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Season’s Grievings

7 Dec

My 3 month old son Peter died on the Feast of Christ the King, 2006. That year, it was the Sunday following Thanksgiving. As we buried him right before the start of Advent that year, many people commented to us on how the impending holidays must have compounded our grief. I won’t pretend that it was fun to pass by the “baby’s first Christmas” sleepers, or to see TV commercials where rosy-faced children are snuggling up to the hearth with homemade sugar cookies and cocoa. Our secular culture has labeled December “the most wonderful time of the year.” Needless to say, grieving the sudden death of a baby is in stark contrast to these images and can make grief seem a little fresher.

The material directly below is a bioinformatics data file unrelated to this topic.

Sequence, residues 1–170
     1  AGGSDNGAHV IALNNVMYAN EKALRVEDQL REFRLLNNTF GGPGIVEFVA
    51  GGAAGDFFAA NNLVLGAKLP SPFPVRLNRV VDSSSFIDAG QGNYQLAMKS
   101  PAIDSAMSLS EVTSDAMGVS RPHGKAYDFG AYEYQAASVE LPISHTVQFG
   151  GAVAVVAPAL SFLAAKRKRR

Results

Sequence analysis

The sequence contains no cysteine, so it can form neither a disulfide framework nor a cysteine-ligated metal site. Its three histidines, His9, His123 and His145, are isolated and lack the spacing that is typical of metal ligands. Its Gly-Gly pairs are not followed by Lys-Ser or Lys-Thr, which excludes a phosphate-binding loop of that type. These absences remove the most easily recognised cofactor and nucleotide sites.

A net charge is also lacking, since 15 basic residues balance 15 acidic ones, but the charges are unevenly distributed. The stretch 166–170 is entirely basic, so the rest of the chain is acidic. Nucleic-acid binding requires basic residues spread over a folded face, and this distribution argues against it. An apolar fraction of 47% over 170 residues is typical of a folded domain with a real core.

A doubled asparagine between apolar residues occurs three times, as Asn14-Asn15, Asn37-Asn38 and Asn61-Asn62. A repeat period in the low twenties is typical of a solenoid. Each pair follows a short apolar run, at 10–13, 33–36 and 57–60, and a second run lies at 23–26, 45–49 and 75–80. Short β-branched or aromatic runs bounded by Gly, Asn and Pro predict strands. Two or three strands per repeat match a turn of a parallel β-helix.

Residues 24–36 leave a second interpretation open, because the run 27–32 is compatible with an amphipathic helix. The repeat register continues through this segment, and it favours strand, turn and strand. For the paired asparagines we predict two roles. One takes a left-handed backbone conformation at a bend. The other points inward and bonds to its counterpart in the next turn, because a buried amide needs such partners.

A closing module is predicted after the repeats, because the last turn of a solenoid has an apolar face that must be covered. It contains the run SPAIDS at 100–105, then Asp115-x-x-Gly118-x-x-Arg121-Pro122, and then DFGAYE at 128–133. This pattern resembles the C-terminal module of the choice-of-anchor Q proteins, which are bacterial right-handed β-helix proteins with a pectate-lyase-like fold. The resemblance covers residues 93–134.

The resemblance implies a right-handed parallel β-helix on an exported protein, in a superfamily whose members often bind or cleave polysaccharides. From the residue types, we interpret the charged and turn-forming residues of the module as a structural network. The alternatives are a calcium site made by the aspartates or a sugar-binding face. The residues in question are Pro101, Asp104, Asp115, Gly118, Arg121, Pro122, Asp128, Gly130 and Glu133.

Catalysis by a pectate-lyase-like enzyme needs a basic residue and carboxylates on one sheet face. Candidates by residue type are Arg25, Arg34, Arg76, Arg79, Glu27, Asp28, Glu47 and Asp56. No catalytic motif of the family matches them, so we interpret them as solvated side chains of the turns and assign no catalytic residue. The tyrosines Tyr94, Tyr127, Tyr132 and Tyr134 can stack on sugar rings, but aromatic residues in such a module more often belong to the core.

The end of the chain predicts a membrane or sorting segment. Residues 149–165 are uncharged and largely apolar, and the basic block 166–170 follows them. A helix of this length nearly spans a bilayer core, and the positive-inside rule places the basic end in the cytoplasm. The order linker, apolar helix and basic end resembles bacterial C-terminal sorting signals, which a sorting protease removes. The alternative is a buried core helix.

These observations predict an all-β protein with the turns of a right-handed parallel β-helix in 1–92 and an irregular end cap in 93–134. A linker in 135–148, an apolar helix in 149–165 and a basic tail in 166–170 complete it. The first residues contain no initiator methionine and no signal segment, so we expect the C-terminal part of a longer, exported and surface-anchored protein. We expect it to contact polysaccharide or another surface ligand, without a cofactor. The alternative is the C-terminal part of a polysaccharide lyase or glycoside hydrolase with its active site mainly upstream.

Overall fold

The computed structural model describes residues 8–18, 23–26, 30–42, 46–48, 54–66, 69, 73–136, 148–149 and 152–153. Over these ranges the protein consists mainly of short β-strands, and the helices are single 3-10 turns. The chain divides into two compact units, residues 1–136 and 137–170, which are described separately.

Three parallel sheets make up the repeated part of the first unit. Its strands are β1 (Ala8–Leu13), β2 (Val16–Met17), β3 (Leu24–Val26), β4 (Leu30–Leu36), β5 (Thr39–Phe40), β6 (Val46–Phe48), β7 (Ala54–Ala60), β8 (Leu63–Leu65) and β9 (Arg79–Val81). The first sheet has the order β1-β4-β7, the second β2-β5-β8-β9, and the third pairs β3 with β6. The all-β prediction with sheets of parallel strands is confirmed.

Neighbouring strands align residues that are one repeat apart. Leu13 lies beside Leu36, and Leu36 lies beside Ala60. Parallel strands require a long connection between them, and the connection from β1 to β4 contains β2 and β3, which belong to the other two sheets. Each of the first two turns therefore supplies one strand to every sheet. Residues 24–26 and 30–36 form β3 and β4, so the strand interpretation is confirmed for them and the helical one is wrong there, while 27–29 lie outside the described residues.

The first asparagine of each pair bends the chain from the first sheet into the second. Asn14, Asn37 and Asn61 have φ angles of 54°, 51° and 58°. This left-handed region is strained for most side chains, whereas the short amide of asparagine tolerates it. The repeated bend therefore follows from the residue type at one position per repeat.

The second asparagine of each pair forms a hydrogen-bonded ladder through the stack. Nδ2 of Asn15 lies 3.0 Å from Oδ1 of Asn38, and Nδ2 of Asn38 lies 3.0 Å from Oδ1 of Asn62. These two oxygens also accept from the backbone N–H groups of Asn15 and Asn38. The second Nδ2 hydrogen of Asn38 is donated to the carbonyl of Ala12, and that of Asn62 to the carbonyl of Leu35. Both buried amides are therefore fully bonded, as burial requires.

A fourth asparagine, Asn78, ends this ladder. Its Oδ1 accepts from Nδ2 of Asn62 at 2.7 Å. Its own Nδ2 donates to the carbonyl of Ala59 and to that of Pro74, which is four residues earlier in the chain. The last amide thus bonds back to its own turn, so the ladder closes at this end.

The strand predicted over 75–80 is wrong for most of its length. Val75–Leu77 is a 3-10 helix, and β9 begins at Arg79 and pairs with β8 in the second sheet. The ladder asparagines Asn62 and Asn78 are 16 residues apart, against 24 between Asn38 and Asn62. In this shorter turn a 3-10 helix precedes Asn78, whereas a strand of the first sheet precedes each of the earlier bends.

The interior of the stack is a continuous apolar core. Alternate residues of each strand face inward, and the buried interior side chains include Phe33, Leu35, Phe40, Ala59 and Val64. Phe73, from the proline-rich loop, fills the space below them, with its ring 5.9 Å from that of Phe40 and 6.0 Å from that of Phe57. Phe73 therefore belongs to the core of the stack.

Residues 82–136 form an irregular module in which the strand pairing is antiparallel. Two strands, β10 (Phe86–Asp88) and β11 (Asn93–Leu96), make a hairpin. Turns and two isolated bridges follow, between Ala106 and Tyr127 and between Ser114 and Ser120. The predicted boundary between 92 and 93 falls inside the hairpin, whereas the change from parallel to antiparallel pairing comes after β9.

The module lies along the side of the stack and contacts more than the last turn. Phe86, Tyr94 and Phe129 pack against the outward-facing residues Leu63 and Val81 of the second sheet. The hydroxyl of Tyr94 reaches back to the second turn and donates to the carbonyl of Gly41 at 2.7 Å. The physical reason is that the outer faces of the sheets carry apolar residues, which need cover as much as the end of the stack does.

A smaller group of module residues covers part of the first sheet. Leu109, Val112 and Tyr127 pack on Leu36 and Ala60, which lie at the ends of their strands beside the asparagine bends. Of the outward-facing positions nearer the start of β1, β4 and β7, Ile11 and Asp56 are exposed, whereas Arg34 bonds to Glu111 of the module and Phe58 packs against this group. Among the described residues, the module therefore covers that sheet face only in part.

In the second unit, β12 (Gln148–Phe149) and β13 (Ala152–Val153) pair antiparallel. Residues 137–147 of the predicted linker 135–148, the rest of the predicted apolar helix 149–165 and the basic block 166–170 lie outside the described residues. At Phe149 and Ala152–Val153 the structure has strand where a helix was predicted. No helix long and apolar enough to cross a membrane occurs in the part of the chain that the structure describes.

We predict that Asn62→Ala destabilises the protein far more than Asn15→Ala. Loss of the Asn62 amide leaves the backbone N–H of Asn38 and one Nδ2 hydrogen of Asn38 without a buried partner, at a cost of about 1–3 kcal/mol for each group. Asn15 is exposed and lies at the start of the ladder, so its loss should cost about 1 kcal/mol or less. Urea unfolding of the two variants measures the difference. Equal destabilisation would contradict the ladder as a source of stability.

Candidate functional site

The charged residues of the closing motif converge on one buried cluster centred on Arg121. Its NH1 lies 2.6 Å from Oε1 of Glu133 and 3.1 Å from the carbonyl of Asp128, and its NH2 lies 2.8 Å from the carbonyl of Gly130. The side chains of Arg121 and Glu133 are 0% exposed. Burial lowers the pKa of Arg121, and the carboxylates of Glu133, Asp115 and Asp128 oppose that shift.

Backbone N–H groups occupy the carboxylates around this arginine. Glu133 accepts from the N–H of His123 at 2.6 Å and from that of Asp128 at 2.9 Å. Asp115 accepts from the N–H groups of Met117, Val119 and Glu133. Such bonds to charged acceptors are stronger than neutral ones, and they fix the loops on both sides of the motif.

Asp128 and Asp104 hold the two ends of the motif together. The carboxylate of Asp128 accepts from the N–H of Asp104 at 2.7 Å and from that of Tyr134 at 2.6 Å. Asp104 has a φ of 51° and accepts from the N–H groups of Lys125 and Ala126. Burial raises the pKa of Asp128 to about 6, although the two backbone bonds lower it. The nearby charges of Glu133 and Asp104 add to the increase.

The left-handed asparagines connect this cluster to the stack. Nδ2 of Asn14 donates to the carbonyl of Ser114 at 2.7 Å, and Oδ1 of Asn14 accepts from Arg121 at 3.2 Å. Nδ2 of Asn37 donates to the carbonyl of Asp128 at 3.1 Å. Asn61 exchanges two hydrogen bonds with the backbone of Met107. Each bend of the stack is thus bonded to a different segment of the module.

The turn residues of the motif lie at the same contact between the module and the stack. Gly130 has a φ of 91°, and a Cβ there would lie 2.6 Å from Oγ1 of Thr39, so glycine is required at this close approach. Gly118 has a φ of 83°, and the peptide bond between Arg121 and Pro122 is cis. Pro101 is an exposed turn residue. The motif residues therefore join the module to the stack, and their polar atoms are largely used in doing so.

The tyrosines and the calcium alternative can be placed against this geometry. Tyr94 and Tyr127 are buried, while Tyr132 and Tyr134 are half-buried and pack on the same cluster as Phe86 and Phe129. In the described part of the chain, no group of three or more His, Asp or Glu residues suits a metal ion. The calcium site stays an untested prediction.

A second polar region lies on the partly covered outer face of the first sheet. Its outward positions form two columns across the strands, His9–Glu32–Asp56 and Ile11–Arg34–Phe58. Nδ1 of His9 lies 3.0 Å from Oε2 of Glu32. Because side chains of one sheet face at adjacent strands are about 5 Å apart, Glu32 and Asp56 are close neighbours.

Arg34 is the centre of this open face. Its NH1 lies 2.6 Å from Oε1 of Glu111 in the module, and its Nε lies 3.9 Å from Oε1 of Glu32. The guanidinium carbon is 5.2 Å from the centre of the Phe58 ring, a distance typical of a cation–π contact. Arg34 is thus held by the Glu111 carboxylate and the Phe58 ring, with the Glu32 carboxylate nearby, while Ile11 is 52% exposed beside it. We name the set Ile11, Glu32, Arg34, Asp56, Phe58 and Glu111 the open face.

All that being said, that year I entered into Advent in a deeper and richer way than I think I ever had before. For four Sundays, we could leave the jingle bells of the outside world and enter into a sanctuary where all was quiet, and expectant, and still. Our souls were mirrored in the hauntingly beautiful liturgies. We heard Isaiah speak of the longing of God’s people to be brought back from the land of exile. We heard them pour out their sufferings and their fears. And God’s reply? I have not forgotten you. A day is coming when every tear will be wiped away, when “no longer will there be an infant who lives but a few days” (Isaiah 65:19-20).

Advent is a time of waiting, a time of penance, which I think is uniquely suited for those who suffer. Continue reading